In the field with Spice World
The hot pot is a unique and popular dish in China, thought to date back at least 1,700 years. Although the dish can vary greatly from region to region, its core elements include a broth; various ingredients, such as meats, vegetables, seafood and tofu; and dipping sauces. The ingredients are placed into a boiling pot of broth in the center of the table and, once cooked, are scooped out, dipped in a sauce and eaten. Most of the “cooking” is done by the people eating the hot pot; the chef’s main responsibilities are ensuring quality and preparing the condiments and ingredients.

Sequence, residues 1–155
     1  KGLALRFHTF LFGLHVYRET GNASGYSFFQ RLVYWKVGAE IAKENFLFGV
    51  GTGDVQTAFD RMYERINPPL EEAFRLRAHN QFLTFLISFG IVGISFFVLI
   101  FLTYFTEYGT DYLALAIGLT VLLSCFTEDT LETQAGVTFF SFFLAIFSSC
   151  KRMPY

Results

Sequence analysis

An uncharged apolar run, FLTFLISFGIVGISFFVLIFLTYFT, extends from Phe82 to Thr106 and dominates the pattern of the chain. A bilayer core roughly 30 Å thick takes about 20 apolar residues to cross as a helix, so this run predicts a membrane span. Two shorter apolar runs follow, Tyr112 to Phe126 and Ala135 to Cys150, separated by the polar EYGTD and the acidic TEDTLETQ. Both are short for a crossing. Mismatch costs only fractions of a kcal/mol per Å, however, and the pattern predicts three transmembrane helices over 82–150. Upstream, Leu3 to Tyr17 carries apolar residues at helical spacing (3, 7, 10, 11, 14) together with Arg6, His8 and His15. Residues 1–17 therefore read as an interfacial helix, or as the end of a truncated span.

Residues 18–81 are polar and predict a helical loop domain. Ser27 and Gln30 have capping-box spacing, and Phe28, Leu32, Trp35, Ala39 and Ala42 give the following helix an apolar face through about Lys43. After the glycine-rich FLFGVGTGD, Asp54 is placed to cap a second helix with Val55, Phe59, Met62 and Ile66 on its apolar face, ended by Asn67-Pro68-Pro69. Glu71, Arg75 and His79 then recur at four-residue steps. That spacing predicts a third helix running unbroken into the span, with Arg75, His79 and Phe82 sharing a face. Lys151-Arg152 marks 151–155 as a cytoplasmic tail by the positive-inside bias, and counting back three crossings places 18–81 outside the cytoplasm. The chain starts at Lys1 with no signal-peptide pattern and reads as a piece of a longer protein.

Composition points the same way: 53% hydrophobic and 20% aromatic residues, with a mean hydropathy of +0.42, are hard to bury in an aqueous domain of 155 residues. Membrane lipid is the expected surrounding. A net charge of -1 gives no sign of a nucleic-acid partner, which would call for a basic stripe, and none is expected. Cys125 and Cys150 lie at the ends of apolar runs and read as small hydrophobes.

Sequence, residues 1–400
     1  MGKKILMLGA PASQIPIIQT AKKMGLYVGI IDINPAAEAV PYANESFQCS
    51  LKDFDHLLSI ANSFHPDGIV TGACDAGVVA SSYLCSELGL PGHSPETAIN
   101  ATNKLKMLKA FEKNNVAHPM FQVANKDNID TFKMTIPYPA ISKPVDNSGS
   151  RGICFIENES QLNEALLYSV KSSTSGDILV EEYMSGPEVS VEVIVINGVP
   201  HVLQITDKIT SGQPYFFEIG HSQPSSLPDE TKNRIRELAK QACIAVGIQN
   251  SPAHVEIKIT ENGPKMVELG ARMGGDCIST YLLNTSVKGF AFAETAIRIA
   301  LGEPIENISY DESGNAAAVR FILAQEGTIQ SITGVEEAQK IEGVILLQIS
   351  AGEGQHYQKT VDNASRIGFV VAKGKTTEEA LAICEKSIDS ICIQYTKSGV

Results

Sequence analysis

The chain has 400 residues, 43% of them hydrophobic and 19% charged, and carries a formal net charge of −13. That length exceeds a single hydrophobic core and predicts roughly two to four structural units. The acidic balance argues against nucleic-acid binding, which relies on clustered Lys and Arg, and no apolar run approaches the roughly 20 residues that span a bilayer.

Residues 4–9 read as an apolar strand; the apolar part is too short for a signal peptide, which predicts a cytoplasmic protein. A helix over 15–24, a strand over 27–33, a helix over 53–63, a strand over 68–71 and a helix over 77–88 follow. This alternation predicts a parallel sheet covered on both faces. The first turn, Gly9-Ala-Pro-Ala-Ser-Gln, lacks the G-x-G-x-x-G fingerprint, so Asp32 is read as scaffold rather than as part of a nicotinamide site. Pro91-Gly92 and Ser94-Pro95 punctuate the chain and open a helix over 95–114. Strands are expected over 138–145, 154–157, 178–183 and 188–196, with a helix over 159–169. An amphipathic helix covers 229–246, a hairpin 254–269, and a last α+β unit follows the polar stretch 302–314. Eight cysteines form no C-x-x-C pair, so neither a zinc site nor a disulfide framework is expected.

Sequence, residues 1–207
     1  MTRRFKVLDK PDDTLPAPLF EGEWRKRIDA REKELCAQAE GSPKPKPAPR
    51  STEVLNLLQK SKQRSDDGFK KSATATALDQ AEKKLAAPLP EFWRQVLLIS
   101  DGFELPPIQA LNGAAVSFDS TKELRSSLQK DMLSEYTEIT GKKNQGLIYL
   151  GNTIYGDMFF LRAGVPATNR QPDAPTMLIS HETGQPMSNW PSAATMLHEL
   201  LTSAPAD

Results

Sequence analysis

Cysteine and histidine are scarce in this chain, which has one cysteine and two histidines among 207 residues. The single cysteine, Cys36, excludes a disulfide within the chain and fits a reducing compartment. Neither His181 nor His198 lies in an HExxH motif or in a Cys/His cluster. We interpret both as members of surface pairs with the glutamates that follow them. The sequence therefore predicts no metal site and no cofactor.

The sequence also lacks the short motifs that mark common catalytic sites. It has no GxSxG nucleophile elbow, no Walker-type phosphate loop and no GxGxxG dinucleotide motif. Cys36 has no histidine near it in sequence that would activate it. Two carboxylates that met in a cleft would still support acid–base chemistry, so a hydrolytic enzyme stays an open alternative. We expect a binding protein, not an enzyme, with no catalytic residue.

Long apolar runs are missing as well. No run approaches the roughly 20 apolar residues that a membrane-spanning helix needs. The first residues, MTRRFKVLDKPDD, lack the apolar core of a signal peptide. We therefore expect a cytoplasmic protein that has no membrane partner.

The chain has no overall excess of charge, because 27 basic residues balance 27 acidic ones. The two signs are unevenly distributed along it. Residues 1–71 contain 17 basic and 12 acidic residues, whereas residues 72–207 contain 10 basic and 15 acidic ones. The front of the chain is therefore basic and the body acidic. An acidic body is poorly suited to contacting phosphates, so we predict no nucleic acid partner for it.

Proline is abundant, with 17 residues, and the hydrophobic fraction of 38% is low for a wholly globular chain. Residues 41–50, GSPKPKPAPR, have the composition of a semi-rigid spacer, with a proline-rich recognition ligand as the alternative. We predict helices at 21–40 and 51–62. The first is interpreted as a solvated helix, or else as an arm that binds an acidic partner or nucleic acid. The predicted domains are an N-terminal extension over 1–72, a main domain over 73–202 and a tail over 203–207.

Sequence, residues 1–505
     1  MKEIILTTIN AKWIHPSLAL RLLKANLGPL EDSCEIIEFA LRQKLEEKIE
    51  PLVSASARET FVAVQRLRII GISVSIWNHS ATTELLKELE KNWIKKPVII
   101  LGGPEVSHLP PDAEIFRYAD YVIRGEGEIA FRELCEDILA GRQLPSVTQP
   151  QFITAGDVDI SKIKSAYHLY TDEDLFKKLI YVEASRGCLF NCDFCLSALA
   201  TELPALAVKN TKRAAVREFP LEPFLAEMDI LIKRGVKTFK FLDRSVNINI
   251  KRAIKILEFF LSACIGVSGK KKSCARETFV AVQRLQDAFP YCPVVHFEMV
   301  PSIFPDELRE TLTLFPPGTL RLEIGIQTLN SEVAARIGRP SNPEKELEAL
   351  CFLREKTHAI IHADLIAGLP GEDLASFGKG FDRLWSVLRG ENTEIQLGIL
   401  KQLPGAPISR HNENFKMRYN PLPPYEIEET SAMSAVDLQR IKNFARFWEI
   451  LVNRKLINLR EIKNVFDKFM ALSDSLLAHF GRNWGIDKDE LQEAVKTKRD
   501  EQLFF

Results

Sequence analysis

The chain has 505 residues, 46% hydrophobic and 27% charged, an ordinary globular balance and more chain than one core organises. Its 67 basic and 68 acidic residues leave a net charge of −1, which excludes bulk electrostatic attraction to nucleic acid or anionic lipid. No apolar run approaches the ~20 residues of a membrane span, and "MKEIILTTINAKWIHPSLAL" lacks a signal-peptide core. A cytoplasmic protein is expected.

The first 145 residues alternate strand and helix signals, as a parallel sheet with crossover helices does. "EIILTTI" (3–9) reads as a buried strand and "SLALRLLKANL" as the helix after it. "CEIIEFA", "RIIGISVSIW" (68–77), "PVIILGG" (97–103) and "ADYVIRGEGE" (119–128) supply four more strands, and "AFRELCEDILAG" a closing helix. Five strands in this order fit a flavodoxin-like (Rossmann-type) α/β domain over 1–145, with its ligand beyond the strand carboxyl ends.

Eating hot pot can be a fun, communal experience. For hot pot restaurateurs, however, it can be a cut-throat business afflicted by low margins and strong competition. The restaurant industry in China in general is extremely fragmented, very competitive and suffers from high employee turnover. On top of that, the hot pot business faces the added pressure of low barriers to entry; with a pot, heat source, ladle, a table and some benches, almost anyone can start a hot pot restaurant. How can a hot pot business make a place for itself in such a difficult environment?
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